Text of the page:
Is Erdoğan’s ‘taka’ headed for the cliffs?

Is Erdoğan’s ‘taka’ headed for the cliffs?

Not according to credit ratings agency Standard & Poor’s. In a note released on Feb. 6, S&P said the “banking regulator’s (BDDK) decision to transfer the management of Bank Asya to the Savings Deposit Insurance Fund (TMSF) does not affect the unsolicited credit ratings on Turkey.”

At first look, this makes sense. After all, S&P notes that “Bank Asya’s relatively small size (roughly 0.1 percent of banking sector assets) makes it rather unlikely that there could be any contagion effects.” Despite some recent increase in non-performing loans, the rest of the banking sector is in good health.

But I would argue that such an approach is missing the forest for the trees. To explain myself, let me pose a simple question: Why was Turkey hit with the 2001 crisis? You may tell me it was because of the banking sector. Or that it was a political matter, triggered by the row between the president and the prime minister of the time.

Both explanations are incomplete. I would argue that at the heart of it, the crisis was a consequence of politicians meddling with the economy and markets. Kemal Derviş, the World Bank executive brought in to save the economy, knew this well. That’s why he made the independence of the Central Bank and regulatory institutions one of the key pillars of his economic recovery program.

Although he reaped the benefits with economic stability and increased voter support early on, President Recep Tayyip Erdoğan has nevertheless been trying to get rid of these independent institutions for a while. He has been largely successful, replacing civil servants with subjects, with the exception of the Central Bank – he recently bemoaned the Bank’s independence.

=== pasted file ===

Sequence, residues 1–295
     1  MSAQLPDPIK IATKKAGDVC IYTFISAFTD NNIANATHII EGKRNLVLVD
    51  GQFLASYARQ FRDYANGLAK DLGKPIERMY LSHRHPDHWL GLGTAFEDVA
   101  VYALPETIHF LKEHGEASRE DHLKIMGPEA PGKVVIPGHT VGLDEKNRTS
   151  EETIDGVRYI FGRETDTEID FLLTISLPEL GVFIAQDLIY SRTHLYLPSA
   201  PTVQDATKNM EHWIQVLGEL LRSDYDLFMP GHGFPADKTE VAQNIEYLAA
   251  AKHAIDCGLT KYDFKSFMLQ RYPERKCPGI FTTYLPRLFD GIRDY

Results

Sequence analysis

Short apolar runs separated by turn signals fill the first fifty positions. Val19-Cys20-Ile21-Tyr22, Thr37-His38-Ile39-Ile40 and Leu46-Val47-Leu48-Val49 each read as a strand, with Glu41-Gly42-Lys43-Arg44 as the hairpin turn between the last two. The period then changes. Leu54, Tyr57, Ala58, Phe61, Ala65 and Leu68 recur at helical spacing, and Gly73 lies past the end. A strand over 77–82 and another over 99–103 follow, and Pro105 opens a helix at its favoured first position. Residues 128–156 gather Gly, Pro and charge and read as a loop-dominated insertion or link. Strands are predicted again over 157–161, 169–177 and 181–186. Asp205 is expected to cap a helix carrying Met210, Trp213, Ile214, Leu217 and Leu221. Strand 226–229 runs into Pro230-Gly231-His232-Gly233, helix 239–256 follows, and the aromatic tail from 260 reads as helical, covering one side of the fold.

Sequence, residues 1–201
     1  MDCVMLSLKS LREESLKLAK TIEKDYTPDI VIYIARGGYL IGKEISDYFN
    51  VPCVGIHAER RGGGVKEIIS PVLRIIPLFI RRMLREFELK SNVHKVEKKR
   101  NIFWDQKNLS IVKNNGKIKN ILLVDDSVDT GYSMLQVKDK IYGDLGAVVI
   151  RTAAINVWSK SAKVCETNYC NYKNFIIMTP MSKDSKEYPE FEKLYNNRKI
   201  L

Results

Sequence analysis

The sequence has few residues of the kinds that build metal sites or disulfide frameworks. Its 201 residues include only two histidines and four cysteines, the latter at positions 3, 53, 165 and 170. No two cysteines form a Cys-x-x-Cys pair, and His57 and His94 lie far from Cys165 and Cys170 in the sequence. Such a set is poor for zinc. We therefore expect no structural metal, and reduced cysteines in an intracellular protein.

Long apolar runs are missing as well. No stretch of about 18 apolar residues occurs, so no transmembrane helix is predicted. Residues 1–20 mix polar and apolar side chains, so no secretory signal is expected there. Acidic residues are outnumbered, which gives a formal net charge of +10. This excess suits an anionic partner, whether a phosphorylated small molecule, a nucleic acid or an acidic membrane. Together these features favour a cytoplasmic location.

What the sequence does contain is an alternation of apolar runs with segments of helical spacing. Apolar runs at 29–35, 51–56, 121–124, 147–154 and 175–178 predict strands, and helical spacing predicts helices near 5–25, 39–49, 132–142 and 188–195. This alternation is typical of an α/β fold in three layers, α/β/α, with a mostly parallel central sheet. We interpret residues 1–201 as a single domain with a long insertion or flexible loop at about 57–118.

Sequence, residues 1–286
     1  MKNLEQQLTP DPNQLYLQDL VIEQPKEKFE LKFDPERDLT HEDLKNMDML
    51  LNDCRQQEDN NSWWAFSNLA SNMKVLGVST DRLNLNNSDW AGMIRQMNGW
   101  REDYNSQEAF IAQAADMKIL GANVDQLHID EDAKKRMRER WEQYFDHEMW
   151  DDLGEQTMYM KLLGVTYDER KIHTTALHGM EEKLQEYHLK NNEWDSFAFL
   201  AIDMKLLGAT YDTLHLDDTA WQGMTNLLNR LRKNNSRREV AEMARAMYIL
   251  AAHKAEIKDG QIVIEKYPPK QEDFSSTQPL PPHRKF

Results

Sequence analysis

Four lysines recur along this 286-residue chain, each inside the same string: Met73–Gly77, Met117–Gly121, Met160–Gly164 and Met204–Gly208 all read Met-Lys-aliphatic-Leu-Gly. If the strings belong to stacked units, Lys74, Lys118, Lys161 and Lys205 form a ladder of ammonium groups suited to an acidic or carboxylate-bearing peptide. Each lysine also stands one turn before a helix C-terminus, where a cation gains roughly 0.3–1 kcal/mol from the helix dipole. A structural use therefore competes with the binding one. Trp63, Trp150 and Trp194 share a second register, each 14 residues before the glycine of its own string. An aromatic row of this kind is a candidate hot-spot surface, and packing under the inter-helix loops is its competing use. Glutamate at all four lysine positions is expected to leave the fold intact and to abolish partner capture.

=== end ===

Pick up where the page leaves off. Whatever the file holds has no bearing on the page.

As for the Bank Asya takeover, while government officials maintain it was legal and judicial, columnist Uğur Gürses pointed to three major contradictions in the operation, which suggest that the decision of the BDDK, urged to act on Bank Asya by Erdoğan back in September, was political. By the way, my questions to them on investment bank Aktif’s foray into retail banking were never answered.

The TMSF does not fare any better. In 2008, it sold a media group to Çalık, a conglomerate headed by Erdoğan’s son-in-law at the time that is also Aktif’s parent – a sale that was partly financed by two state banks. More recently, it appointed a former AKP deputy to head daily Akşam in 2013, not to mention the asset freeze against the opposition Republican People’s Party’s (CHP) Istanbul mayoral candidate for an unpaid loan from 1998 right before the elections.

S&P is therefore wrong in viewing the Bank Asya decision “as an isolated incident and not a determined politicization of Turkey’s institutions.” And I am not the lone wolf on this one: Cansen Başaran Symes, the new head of the Turkish Industry and Business Association (TÜSİAD), urged the continuation of institutions’ independence on Feb. 6, shortly before the credit ratings agency’s note came out.

The Bank Asya takeover will not ruin the Turkish economy. It won’t cause a tiny bit of stress in the banking sector either, just like a piece of ice crushed after hitting the Titanic a few hours before the fateful collision. However, it is obvious where the “taka” (a small sailing boat specific to the eastern Black Sea region of Turkey) is headed.